The founder of WikiLeaks called on the United States on Thursday to fully examine abuses by U.S. troops in Iraq and Afghanistan and to halt its “aggressive investigation” into his whistle-blowing organization.
Julian Assange said WikiLeaks would release thousands of documents this year concerning not only the United States, but other countries including Russia and Lebanon.
It has made public nearly 500,000 classified U.S. files on the war in Iraq and Afghanistan, drawing ire from the Pentagon. Some U.S. secret documents contained accounts of Iraqi forces torturing Iraqi prisoners and the failure of the U.S. military to investigate those instances.
“It is time the United States opened up instead of covering up,” Assange told a news conference in Geneva on the eve of an examination by the U.N. Human Rights Council of the overall U.S. record.
“The United States is in grave danger of losing its way,” said the Australian, who is moving from country to country to seek protection through their whistleblower laws.
The U.S. delegation has said it is open to fair criticism of its human rights record, including racial discrimination and counterterrorism policies, at Friday’s debate, where Muslim countries are expected to voice concern about detainee abuse.
U.S. officials have said the military had not systematically ignored cases of torture and abuse of Iraqi prisoners by Iraqi forces.
The Obama administration has not announced any investigation into the abuses — some of which occurred during its first year in office — unlike Britain and Denmark, which have begun looking into their own troops’ behavior, according to Assange.
“The only investigation to my knowledge that has been announced by the United States is into us, into possible sources within the U.S. military,” Assange said.
“The only action to date has been to threaten this organization, to place the alleged whistleblower Bradley Manning into prison, where he sits now in Quantico (Virginia) facing a potential sentence of 52 years,” he said.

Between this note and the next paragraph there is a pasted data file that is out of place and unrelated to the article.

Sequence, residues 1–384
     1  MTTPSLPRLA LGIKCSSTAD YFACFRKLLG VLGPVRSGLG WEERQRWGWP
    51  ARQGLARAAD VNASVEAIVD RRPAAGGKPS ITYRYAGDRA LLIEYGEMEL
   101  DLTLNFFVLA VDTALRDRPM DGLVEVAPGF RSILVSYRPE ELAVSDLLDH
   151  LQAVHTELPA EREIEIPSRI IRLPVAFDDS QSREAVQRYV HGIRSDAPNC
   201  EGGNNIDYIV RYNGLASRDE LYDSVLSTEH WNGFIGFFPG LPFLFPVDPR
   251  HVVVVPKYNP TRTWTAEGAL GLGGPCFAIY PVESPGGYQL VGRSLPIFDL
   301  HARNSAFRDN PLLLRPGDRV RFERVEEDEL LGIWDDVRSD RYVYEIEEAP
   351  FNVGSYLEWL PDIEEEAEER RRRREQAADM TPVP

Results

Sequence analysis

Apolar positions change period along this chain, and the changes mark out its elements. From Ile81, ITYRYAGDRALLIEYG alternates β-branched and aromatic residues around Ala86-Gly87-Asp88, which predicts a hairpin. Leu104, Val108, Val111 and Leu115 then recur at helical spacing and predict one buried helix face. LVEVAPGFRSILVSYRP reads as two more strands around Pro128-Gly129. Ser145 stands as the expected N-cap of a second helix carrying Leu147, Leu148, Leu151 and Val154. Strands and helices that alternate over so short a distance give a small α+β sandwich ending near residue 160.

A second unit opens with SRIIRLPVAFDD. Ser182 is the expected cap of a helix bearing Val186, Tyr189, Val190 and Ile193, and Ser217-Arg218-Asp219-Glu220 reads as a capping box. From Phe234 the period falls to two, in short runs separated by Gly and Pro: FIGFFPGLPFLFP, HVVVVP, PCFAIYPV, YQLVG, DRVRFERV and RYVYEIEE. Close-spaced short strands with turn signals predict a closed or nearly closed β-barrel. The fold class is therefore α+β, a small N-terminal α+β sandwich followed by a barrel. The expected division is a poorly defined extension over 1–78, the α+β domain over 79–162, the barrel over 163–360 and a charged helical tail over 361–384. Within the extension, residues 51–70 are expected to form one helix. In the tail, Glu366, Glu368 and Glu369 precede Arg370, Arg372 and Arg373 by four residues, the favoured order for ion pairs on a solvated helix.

The U.S. probe into the source of the leaked documents has focused on Manning, who worked as a U.S. army intelligence analyst in Iraq. He is under arrest and charged with leaking a classified video showing a 2007 helicopter attack that killed a dozen people in Iraq, including two Reuters journalists.
The massive WikiLeaks disclosures of leaked documents have been the largest in U.S. military history.
WikiLeaks has said the documents detailed the deaths of 15,000 more Iraqi civilians than the U.S. military had reported.
The Pentagon has said it did not under-report the number of civilian deaths or ignore prisoner abuse by Iraqi forces.
“If the United States is to be seen as a credible country that obeys the rule of law…it must conduct investigations into plausible violations of those laws,” he said.
It was vital for the United States to submit its record to international scrutiny by the 47-member rights body, Assange said, recalling its tradition of allowing free speech.
WikiLeaks has publicly acknowledged it has some 15,000 more documents on the war in Afghanistan that it has threatened to release, along with an Afghanistan video file.
“We are continuing to publish as fast as we can,” he said.
(Editing by Michael Roddy)
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